exploratory testing

Software Testing Lessons from Luigi’s Mansion

How can lessons from Luigi’s Mansion apply to software testing and automation?

Luigi’s Mansion is a popular Nintendo video game series. It’s basically Ghostbusters in the Super Mario universe: Luigi must use a special vacuum cleaner to rid haunted mansions of the ghosts within. Along the way, Luigi also solves puzzles, collects money, and even rescues a few friends. I played the original Luigi’s Mansion game for the Nintendo GameCube when I was a teenager, and I recently beat the sequel, Luigi’s Mansion: Dark Moon, for the Nintendo 3DS. They were both quite fun! And there are some lessons we can apply from Luigi’s Mansion to software testing and automation.

#1: Exploratory Testing is Good

The mansions are huge – Luigi must explore every nook and cranny (often in the dark) to spook ghosts out of their hiding places. There are also secrets and treasure hiding in plain sight everywhere. Players can easily miss ghosts and gold alike if they don’t take their time to explore the mansions thoroughly. The same is true with testing: engineers can easily miss bugs if they overlook details. Exploratory testing lets engineers freely explore the product under test to uncover quality issues that wouldn’t turn up through rote test procedures.

#2: Expect the Unexpected

Ghosts can pop out from anywhere to scare Luigi. They also can create quite a mess of the mansion – blocking rooms, stealing items, and even locking people into paintings! Software testing is full of unexpected problems, too. Bugs happen. Environments go down. Network connections break. Even test automation code can have bugs. Engineers must be prepared for any emergency regardless of origin. Software development and testing is about solving problems, not about blame-games.

#3: Don’t Give Up!

Getting stuck somewhere in the mansion can be frustrating. Some puzzles are small, while others may span multiple rooms. Sometimes, a player may need to backtrack through every room and vacuum every square inch to uncover a new hint. Determination nevertheless pays off when puzzles get solved. Software engineers must likewise never give up. Failures can be incredibly complex to identify, reproduce, and resolve. Test automation can become its own nightmare, too. However, there is always a solution for those tenacious (or even hardheaded) enough to find it.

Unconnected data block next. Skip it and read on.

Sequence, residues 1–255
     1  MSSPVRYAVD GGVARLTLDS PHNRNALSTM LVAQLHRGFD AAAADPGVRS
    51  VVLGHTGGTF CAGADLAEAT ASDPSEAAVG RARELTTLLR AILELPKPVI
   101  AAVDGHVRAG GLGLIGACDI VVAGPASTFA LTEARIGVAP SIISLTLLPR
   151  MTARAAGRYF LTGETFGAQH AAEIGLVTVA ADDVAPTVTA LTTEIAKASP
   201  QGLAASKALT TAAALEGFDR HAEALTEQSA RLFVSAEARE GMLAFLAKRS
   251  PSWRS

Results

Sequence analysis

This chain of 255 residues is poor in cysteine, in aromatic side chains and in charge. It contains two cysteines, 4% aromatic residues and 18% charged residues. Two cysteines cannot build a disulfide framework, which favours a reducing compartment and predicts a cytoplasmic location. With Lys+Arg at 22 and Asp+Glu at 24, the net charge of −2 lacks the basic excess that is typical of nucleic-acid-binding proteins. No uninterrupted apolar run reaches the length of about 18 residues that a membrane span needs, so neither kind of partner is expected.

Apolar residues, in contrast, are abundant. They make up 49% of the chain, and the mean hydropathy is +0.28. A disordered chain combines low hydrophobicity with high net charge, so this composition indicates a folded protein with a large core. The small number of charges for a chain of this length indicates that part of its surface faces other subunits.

Want to see what software testing lessons can be learned from other games? Check out Gotta Catch ’em All! for Pokémon!

BDD 101: Manual Testing

Behavior-driven development takes an automation-first philosophy: behavior specs should become automated tests. However, BDD can also accommodate manual testing. Manual testing has a place and a purpose, even in BDD. Remember, behavior scenarios are first and foremost behavior specifications, and they provide value beyond testing and automation. Any behavior scenario could be run as a manual test. The main questions, then, are (1) when is manual testing appropriate and (2) how should it be handled.

(Check the Automation Panda BDD page for the full BDD 101 table of contents.)

When is Manual Testing Appropriate?

Automation is not a silver bullet – it doesn’t satisfy all testing needs. Scenarios should be written for all behaviors, but they likely shouldn’t be automated under the following circumstances:

  • The return-on-investment to automate the scenarios is too low.
  • The scenarios won’t be included in regression or continuous integration.
  • The behaviors are temporary (ex: hotfixes).
  • The automation itself would be too complex or too fragile.
  • The nature of the feature is non-functional (ex: performance, UX, etc.).
  • The team is still learning BDD and is not yet ready to automate all scenarios.